Have you had
hobo stew before? We knew a hobo once who could make a real mean stew. There’s
no science to the recipe. You just take whatever you can scrounge up and throw
it all into a boiling pot. Some of those ingredients may be better by
themselves or if prepared differently, but when you’re a hobo you take what you
can get. Rune Factory: Tides of Destiny is a stew with plenty of fixings in the
pot, but it’s a bit overcooked.
Above: All screens are from the PS3 version
Factory games stem from the cult favorite Harvest Moon series. Where Harvest
Moon focused on farming crops and building relationships within a strict time
limit, Rune Factory puts an emphasis on a more open experience with combat and
dungeon exploration, while retaining the basic elements of its predecessor.
Destiny stars Aden and Sonja, two friends living on Fenith Island during a
peaceful age. Everything changes when a mysterious light puts Sonja’s soul into
Aden’s body and transports he/she/them to an unfamiliar location with only one
dragon. When Aden awakens, he finds out he is still on Fenith Island, but in
the future. Don’t get mad, but that whole future thing is technically a spoiler.
To be honest though, if you don’t pick up on the heavy-handed hints during the
sleep inducing intro, then that means someone hasn’t gotten their Brain Age exercises
in for the day.
intro out of the way, players are free to explore the huge laundry list of
tasks available. Hours can be spent exploring dungeons, riding a giant golem on
the even more gigantic world map, pursuing relationships, leveling up stats,
helping people around town, learning new attacks, training monsters, fishing,
farming, crafting, or cooking. Players can easily rack up dozens of hours and
completely ignore the plot. At first it may all seem a little intimidating, but
it’s actually quite easy to find a routine and slowly wade your way through all
Now for the
unfortunate kicker: all those activities kind of suck. Almost every single
minigame and task you can perform lacks any form of depth and creative thought.
The crafting, cooking, and fishing minigames are treated with an all too
familiar contextual meter. When you stop a moving arrow over the “good” side on
the meter, you win. You can also level up just about every action Aden can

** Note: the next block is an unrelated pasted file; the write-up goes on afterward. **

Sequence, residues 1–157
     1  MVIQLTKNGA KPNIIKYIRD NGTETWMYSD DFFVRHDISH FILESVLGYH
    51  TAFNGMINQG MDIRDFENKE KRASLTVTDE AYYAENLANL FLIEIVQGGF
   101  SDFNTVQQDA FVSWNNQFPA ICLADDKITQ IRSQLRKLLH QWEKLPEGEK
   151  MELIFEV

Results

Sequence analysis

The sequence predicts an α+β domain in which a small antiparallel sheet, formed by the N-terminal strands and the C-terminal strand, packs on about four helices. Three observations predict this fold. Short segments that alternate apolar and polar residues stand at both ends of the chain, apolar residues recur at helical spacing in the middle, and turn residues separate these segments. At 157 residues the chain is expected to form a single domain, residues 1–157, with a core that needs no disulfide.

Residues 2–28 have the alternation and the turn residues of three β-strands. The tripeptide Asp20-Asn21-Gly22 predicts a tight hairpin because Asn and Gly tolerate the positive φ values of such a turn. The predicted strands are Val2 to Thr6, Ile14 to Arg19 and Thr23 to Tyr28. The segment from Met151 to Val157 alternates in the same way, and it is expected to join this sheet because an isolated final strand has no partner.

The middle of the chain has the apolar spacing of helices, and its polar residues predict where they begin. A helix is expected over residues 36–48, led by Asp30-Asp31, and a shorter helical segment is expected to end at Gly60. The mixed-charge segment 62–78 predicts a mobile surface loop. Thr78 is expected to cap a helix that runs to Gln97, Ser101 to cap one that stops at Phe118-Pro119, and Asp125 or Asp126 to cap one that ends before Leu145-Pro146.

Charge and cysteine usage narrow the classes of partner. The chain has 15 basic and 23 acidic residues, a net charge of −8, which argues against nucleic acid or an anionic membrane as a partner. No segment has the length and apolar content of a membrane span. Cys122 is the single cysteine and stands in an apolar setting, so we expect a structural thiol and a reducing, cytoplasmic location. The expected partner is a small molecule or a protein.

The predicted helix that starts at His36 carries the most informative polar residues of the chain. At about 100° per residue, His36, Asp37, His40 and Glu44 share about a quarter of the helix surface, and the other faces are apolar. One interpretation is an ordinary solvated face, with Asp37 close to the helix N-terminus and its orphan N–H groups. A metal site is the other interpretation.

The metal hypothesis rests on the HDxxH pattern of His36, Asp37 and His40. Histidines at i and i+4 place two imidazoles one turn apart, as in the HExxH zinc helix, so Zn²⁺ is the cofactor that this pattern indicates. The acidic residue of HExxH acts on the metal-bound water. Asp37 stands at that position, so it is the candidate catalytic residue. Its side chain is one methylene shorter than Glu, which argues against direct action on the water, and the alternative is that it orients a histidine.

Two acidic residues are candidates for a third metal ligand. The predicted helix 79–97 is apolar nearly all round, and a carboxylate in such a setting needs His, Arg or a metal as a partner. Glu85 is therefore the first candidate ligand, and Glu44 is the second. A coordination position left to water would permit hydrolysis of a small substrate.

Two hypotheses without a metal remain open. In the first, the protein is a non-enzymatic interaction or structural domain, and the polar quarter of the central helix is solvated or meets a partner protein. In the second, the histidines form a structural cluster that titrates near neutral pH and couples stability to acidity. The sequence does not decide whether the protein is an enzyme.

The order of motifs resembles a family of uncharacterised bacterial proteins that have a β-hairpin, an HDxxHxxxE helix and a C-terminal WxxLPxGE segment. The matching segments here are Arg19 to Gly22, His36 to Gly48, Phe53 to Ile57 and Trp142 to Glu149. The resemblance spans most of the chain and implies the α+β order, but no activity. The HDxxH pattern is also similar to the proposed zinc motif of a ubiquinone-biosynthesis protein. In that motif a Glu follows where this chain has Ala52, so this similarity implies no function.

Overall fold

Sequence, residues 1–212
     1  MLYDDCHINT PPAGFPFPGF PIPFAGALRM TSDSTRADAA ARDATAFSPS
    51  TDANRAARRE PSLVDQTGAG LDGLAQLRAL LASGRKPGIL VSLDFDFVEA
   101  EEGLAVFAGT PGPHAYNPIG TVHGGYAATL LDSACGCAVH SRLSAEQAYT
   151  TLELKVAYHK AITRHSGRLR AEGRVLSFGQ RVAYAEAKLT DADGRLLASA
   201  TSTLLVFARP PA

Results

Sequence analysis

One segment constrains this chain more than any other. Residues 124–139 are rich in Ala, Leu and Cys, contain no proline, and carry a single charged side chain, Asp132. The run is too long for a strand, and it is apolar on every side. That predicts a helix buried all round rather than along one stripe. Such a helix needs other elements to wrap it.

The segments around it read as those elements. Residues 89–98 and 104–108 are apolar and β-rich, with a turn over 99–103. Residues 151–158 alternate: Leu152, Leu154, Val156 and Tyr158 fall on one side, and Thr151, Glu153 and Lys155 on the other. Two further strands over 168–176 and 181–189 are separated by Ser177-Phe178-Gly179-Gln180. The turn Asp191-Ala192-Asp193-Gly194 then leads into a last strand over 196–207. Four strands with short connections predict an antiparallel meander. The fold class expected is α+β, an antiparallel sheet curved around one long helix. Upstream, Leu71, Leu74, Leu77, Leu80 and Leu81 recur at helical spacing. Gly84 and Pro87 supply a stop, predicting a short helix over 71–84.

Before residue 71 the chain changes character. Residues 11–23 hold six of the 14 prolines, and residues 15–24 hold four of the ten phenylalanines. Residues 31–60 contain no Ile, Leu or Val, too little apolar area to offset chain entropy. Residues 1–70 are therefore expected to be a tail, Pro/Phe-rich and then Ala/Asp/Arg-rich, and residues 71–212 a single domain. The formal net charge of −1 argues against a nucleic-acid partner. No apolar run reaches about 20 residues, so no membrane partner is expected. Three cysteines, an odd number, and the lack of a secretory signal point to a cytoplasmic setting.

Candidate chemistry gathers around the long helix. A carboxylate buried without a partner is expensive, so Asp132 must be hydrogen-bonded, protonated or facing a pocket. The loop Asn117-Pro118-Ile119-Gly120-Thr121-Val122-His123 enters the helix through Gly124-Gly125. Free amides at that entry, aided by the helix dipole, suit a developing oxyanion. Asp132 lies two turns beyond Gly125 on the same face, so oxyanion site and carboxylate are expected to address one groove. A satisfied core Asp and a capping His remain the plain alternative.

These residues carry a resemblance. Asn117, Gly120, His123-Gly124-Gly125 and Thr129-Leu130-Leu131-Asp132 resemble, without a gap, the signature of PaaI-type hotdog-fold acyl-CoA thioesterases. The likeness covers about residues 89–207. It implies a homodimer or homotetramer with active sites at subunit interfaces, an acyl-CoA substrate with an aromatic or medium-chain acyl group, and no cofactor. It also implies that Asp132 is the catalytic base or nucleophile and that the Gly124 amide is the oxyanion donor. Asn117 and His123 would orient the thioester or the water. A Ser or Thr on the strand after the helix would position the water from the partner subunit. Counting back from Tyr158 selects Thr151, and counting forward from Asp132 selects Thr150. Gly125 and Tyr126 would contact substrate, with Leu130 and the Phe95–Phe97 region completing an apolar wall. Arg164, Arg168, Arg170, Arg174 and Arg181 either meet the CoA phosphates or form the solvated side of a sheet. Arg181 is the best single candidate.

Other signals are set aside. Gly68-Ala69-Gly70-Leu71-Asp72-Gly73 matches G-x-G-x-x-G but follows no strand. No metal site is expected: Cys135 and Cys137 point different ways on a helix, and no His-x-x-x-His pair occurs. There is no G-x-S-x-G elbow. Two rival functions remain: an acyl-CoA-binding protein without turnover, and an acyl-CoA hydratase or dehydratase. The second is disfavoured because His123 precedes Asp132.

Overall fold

perform, but there’s no indication that you’re getting better at any of them.
Who wants to level up their sleeping or greetings? What does a level 20
greeting even sound like? What’s even worse is when you level up a useful
ability like Aden’s jump and then see no change. It makes more sense to see
your character jump a little higher or gain new jumping abilities instead of,
you know, getting nothing.
the problem with Rune Points. Under the health bar is Aden’s RP, which track
the amount of stamina he has left. Everything you do will cause a decrease in
RP. Once RP are depleted, all actions will cause HP to quickly vanish. The idea
behind these points makes perfect sense. RP limits what you can do within the
in-game calendar so players aren’t planting and picking crops in the same day. However,
combat drains stamina too quickly, leaving you in the middle of a dungeon with
no ability to fight. There are ways to extend your RP bar and refill it when it
gets low, but these methods require a lot of time playing the other minigames
which, as already covered, suck.
Combat is the
biggest and blandest offender in this already tepid game. Surprisingly, combat
starts off interesting enough. Before your first fight, you get to choose from
several different weapon types, each with its own strengths and weaknesses.
Unfortunately, from here it’s a brainless attack mash fest. The only strategy
available is to stop attacking when an enemy fights back. You gain new special
attacks through repeated use, but these new attacks are, in most cases,
flat-out ineffective and quick to drain your RP. When going through a
multi-floored dungeon with regenerating enemies, it makes more sense to avoid
the monsters than to try and fight them. Players of a genre involving such a big
expansive world probably want to be able to explore every detail of a dungeon
at their own pace. Instead you’ll find yourself flying through dungeons because
the reward for fighting a horde of monsters isn’t worth the RP.
does have a lot going for it on the surface: it’s an aesthetically pleasing
game where, even after 50 hours, may still have some surprises in store. It’s
when you get into the tedium of every activity that you realize a game that only
does a few things well holds more value than a game that does a dozen things
poorly. Variety is supposed to be the spice of life, but let’s be honest,
everything has its limits.
Oct 19, 2011